Have you been injured because of the negligence of a person or a company? If you have, the things you do next will determine whether you will win or lose your court case when you attempt to win monetary damages from the responsible party. There are important steps you must take and pieces of evidence that must be collected in the proper order. Failure to do even one of these things will severely damage your case and limit your lawyer’s ability to argue on your behalf in a court of law. Here are some of the most important things to do when you have been injured:

1. File a police report

You need to make sure everything is properly documented with law enforcement. This is especially true if you believe that you have sustained injuries that will cause you to miss extensive time from your job. A police report will be very valuable if you think you are going to need to sue the negligent party to get money that you are owed for your medical expenses and your lost wages.

2. Talk to witnesses

When you go to court, you will need to prove that events unfolded exactly how you claim they did. The police report will definitely help you to do this. However, you can never have too much evidence supporting your case. This is why it is crucial that you talk to every person who was in the area and witnessed the accident when it happened. Take notes about exactly what they saw. Your lawyer will need this information later if he or she decides to call them as witnesses during your case. Ideally, you need to find people who clearly saw what happened and have a vivid memory of specific details that could support your claim that you were the victim of negligence. Do not forget to get the name, address and phone number of all the people you talk to. Your lawyer may want to talk to these people further to determine if they are good candidates to be called as witnesses.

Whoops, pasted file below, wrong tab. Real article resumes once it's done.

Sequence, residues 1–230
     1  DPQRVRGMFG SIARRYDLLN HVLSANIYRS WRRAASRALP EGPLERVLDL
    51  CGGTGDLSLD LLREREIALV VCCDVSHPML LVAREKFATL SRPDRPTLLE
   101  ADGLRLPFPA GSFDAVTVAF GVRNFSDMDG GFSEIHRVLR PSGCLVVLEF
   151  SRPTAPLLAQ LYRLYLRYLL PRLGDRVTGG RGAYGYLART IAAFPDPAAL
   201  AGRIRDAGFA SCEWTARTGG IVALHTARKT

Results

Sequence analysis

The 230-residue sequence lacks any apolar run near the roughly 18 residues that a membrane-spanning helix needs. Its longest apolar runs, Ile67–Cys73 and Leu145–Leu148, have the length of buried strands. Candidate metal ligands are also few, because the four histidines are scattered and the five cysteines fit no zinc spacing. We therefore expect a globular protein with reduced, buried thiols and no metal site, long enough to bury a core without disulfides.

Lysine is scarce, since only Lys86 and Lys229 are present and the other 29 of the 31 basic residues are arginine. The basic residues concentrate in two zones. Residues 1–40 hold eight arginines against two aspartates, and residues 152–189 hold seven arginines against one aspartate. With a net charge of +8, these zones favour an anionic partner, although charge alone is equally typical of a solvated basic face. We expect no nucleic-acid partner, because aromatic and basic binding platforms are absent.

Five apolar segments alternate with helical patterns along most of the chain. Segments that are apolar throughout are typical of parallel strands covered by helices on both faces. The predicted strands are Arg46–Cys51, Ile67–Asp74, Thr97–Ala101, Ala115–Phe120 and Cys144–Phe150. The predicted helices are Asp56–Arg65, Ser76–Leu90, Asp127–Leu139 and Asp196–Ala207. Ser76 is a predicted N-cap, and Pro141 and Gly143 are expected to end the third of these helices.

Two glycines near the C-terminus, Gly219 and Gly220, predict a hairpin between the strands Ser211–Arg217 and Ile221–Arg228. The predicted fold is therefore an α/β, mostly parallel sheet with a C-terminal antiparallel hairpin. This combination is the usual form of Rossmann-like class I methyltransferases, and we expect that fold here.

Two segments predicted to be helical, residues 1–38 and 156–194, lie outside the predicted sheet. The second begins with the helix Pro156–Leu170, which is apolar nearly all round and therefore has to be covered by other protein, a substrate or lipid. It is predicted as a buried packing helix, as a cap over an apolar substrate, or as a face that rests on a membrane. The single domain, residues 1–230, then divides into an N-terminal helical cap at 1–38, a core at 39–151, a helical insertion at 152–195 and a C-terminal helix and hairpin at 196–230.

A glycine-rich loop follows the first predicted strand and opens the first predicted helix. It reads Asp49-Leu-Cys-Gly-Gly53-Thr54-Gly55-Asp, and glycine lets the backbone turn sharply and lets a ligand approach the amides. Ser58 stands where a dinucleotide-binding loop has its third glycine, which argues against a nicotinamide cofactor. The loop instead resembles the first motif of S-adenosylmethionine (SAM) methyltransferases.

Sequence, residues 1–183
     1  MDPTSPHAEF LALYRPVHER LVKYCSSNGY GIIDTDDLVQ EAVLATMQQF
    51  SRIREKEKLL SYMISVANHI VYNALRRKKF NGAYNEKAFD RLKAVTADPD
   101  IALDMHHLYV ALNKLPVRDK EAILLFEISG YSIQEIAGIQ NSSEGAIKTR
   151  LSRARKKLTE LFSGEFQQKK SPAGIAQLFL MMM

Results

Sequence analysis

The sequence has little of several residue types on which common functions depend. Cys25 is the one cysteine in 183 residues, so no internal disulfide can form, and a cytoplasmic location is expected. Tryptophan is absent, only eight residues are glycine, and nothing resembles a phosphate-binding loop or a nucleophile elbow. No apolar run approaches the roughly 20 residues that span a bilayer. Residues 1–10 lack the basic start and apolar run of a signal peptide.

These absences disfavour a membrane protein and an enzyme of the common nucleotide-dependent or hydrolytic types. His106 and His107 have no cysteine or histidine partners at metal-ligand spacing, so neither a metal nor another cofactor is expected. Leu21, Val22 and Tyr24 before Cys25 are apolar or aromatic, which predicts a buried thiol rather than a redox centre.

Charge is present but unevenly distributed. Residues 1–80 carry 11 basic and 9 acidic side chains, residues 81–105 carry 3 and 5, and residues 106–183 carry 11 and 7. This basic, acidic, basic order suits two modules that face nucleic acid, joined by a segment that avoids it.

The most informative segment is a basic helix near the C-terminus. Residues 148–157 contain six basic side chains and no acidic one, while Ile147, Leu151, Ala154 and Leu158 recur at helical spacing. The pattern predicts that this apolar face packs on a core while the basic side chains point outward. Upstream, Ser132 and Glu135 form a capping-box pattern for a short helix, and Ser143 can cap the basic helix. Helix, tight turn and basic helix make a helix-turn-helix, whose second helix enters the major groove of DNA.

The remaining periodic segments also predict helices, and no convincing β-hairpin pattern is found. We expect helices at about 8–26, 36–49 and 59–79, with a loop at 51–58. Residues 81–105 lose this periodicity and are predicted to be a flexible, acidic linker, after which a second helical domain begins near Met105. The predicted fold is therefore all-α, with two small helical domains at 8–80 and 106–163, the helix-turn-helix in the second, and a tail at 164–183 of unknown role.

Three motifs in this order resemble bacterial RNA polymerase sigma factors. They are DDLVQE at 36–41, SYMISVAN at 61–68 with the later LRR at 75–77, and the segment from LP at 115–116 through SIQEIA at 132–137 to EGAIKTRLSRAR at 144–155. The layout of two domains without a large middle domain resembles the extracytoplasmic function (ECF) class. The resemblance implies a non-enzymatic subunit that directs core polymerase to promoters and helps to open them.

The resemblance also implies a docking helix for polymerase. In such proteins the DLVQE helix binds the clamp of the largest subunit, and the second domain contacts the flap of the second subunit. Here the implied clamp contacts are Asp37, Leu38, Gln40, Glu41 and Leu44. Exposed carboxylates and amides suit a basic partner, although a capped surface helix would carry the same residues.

3. Contact a personal injury lawyer

Your first phone call after your accident should be to an experienced personal injury lawyer. You should try to find one with at least five years of experience handing personal injury cases. Look for a lawyer who specializes in personal injury law. This will ensure that he or she knows all of the intricate details of the personal injury laws in your area. Consider calling HSH lawyers if you are in need of a personal injury lawyer in Kitchener. Their skilled trial lawyers have dealt with personal injury cases for more than three decades. You can go to http://www.hshlawyers.com/offices/kitchener/ to find out what they can do for you.

4. Set up a consultation